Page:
More than 2,000 children from entire classrooms in elementary schools on two Hawaiian Islands were comprehensively assessed on their personality characteristics.

The National Institute of Mental Health funded the ORI researchers in 1998 to locate and examine the health-related behaviors and mental and physical health status of these individuals.

Researchers managed to convince almost 75 per cent of those in the original group who could be located (mean age 51 years) to participate.

More than 800 individuals completed a medical and psychological examination supported by subsequent grants from the National Institute on Ageing.

The physical examinations included biomarkers of cardiovascular and metabolic systems such as height, weight, waist and hip circumference, blood pressure, cholesterol and fasting blood glucose.

'These findings suggest avenues for further research that may lead to interventions.

'People who are more conscientious tend to have better health habits and less stress, which protects them from disease.

'Self-control is a key part of being conscientious, so our findings confirm the importance of teaching children self-control to enable then to grow up to be healthy adults,' said Hampson.

Childhood conscientiousness relates to objectively measured adult physical health four decades later.

Hampson, Sarah E. et al.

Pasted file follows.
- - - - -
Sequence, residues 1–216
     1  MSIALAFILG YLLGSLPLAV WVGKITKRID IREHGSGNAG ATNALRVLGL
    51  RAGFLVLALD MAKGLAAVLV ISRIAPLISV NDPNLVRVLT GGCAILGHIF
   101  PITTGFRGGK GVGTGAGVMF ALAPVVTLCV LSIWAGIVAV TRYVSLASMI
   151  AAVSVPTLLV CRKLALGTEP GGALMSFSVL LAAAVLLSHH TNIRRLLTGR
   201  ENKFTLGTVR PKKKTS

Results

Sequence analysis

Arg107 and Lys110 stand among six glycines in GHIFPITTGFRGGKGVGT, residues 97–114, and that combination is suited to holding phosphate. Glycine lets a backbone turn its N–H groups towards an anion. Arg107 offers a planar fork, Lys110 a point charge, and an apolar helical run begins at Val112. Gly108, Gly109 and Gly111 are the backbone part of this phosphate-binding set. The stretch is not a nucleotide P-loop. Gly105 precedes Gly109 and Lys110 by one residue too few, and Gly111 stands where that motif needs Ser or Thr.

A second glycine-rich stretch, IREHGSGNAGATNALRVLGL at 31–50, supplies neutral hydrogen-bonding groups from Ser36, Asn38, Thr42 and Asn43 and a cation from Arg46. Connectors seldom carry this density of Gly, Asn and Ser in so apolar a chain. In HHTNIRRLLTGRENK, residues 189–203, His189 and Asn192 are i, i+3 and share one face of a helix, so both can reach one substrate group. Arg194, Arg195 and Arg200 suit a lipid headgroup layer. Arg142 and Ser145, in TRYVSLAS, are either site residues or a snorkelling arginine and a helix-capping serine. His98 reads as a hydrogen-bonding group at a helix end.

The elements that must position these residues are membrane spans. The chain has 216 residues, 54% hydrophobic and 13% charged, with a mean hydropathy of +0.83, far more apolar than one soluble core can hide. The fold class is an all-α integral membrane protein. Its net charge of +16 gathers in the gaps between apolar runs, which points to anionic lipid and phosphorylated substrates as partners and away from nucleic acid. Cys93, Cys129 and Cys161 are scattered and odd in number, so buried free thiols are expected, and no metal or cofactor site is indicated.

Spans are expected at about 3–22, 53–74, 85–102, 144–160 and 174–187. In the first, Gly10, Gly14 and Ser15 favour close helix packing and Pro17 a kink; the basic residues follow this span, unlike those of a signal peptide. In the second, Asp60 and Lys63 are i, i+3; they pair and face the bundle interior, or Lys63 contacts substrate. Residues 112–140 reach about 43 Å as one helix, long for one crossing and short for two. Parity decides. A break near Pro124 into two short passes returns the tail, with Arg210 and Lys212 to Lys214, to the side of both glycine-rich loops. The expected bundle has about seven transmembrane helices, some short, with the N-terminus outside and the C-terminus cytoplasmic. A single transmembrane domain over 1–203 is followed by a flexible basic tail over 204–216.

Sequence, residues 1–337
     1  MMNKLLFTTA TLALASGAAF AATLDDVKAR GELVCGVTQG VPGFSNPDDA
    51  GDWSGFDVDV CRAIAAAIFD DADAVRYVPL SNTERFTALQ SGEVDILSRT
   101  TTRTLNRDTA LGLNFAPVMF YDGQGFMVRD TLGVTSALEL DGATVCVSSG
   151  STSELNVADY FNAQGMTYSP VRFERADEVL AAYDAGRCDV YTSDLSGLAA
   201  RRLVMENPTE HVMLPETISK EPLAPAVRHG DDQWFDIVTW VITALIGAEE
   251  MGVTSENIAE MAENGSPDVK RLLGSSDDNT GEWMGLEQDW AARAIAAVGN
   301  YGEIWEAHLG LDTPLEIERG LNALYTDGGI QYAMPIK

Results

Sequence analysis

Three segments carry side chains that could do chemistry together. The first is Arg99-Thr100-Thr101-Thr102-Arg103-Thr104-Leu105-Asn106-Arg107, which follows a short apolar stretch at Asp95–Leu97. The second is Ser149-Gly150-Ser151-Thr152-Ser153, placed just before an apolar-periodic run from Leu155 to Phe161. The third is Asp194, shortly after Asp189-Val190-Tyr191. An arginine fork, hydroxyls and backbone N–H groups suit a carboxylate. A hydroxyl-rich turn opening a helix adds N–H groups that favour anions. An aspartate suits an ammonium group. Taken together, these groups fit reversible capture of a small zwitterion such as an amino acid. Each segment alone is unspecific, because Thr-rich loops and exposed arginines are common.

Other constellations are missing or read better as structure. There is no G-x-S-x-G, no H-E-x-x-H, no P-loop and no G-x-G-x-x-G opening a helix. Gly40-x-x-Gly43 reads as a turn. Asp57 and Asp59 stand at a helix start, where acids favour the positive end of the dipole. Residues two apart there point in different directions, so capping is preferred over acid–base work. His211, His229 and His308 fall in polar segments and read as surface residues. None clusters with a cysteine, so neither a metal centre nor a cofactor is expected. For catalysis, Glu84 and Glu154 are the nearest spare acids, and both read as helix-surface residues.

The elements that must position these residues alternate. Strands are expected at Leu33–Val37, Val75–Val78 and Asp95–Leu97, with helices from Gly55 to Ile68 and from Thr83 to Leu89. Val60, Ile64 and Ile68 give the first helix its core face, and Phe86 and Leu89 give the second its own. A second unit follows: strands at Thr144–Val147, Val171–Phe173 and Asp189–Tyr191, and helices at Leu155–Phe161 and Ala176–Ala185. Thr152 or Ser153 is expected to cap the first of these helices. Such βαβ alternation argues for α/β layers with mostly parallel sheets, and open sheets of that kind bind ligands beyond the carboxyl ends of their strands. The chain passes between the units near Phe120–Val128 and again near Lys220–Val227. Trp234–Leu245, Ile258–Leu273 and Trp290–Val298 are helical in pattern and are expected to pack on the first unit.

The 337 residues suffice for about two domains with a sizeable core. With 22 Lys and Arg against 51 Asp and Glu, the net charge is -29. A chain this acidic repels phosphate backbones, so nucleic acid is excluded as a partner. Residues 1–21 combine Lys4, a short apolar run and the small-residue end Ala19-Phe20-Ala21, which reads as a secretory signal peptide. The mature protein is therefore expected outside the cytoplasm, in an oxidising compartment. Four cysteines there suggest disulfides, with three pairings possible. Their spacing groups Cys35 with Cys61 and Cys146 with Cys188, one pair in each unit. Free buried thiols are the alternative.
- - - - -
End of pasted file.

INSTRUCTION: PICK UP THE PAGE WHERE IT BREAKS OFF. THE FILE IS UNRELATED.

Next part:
Objective: Many life span personality-and-health models assume that childhood personality traits result in life-course pathways leading through morbidity to mortality. Although childhood conscientiousness in particular predicts mortality, there are few prospective studies that have investigated the associations between childhood personality and objective health status in adulthood. The present study tested this crucial assumption of life span models of personality and health using a comprehensive assessment of the Big Five traits in childhood (M age = 10 years) and biomarkers of health over 40 years later (M age = 51 years). Methods: Members of the Hawaii Personality and Health Cohort (N = 753; 368 men, 385 women) underwent a medical examination at mean age 51. Their global health status was evaluated by well-established clinical indicators that were objectively measured using standard protocols, including blood pressure, lipid profile, fasting blood glucose, and body mass index. These indicators were combined to evaluate overall physiological dysregulation and grouped into five more homogeneous subcomponents (glucose intolerance, blood pressure, lipids, obesity, and medications). Results: Lower levels of childhood conscientiousness predicted more physiological dysregulation (β = −.11, p < .05), greater obesity (β = −.10, p < .05), and worse lipid profiles (β = −.10, p < .05), after controlling for the other Big Five childhood personality traits, gender, ethnicity, parental home ownership, and adult conscientiousness. Conclusions: These findings are consistent with a key assumption in life span models that childhood conscientiousness is associated with objective health status in older adults. They open the way for testing mechanisms by which childhood personality may influence mortality through morbidity; mechanisms that could then be targeted for intervention.